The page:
Garden Bloggers' Blooms Day: Philadelphus 'Virginal'

Philadelphus 'Virginal' smothered with blooms

There's the most gorgeous scent chez VP Gardens for this month's Blooms Day because you've arrived here at the peak time for my mock orange, Philadelphus 'Virginal'. Most of the year she lurks at the back of the border because without flowers she's easy to overlook, but at this time of the year the flowers and scent are simply knockout. We've had a little bit of rain the past few days (welcome after 2 months of near drought) and the ensuing humidity has served to deepen the rich, citrusy scent even more.

Creamy Philadelphus buds waiting to open

The buds are attractive too and soon the petals will fall from those blooms already open to spread themselves like confetti beneath the nearby apple tree.

Beautiful double blooms

This is a fully hardy, easycare deciduous shrub suitable for the back of the border. It doesn't mind lime and clay, so it's ideal for the conditions here in Wiltshire. It's in a relatively shaded part of my garden, though it will stand well in sunshine too. I've neglected it dreadfully over the years and I often consider taking it out completely, but then for around a month each year it blooms and all is forgiven. I haven't pruned it for years and it still blooms like this, in profusion, which tells me it's earned its keep. This year it will be pruned straight after flowering's finished as that part of the garden is overcrowded now with moss beginning to grow along some of the branches which tells me I need to thin them to let the air circulate. I'll take out around one quarter of its stems after flowering and pray it doesn't sulk on me.

A profusion of double blooms with a sweet citrus scent

Do you have any plants that thrive for you despite neglecting their care? Perhaps we need to compile a list to aid other gardeners!

Garden Bloggers Blooms Day is hosted by Carol at May Dreams Gardens.

Comments

  1. That does look a beauty, Michelle, white flowers and scent is all the rage here too with wisteria and climbing rose madame alfred carriere. Ah, true neglect is hard here as my favourite tool is pruners. I had to think about this and my gunnera it is. It's an old plant, should be divided and protected over winter. I did look after it once. I would like to lift it and put something else in but daughters too sentimental over it. Its only a few leaves now, but they still come.

    ReplyDelete
    Replies
    1. Don't worry Shirley, my pruners are well used this year! I've got two large bags of material to use for mulch from a few days work to show for it ;) Lovely to see you again and I hope Lockdown has treated you well x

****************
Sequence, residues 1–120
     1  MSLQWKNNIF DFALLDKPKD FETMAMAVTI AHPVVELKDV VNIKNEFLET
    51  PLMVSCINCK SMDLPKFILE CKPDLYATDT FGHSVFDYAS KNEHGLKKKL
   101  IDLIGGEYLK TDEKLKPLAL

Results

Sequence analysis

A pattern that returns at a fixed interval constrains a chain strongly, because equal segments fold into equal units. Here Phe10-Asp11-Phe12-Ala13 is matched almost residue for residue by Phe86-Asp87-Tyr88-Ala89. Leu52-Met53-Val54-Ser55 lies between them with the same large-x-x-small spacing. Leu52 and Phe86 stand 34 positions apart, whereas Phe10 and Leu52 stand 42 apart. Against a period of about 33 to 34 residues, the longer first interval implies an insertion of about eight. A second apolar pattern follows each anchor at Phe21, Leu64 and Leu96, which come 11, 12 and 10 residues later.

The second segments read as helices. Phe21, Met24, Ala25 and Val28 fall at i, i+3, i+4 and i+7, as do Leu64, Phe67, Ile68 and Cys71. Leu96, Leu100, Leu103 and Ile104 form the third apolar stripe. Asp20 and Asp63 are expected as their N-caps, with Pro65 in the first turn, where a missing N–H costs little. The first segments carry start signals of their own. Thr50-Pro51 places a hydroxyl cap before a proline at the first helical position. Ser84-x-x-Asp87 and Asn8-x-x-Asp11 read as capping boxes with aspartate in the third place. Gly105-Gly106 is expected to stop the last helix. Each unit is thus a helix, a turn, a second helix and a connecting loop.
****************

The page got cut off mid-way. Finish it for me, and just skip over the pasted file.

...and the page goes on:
Delete
  2. My mother had gorgeous mock orange. They needed a lot of water, and when droughts hit Northern CA she couldn't keep them watered and they died. They smelled so wonderful. My native mock orange is Philadelphus lewisii, I don't know how that compares to yours as far as being carefree. I may just try it though, my local nursery stocks it.

    ReplyDelete
    Replies
    1. Yes, they like the clay soil I have in my garden, so you may fare best with your native one, Lisa

      Delete
  3. Wow white beauty ! Lovely blooms of Philadelphis.

    ReplyDelete
  4. I find the smell of Jasmine overwhelming. Flowering currant is often too rich. But mock orange and honeysuckle are wonderful.

    As for plants thriving without care - I'm having the opposite problem at present. I plant things in the window boxes and the cat sits on them as soon as they are tall enough to break and the little plants in pots and trays seem very keen either not to grow or to damp off in this strangely variable weather. I visit them every day but they are not encouraged.

    ReplyDelete
    Replies
    1. The honeysuckle is just about to flower, Lucy. I'm looking forward to it! We have a cat sitting on plants problem too, but luckily they've chosen an already bare patch from last year as this year's spot.

      Delete
  5. Day lilies would be at the top of my list of "can't kill no matter what" flowers.
    Jeannie@GetMeToTheCountry

    ReplyDelete
    Replies
    1. I'm not a huge daylily fan Jeannie, but 'Corky' makes a cheerful space in my garden :)

      Delete

Post a comment

I love hearing from you and welcome thoughtful conversations :)

Comments aiming to link back and give credence to commercial websites will be composted!

Your essential reads

Wildflower Wednesday: Alpengarten

Garden Bloggers' Blooms Day: 'Just Add Cream'

A Muse for National Poetry Day

Garden Bloggers' Muse Day: The Best of Summer

Unusual Front Gardens #31: Halloween II

The Great Green Wall Hunt: Paris

Postcard from the 'Top of Europe'

Festive and Green

Puzzle Corner: Connections

Pea super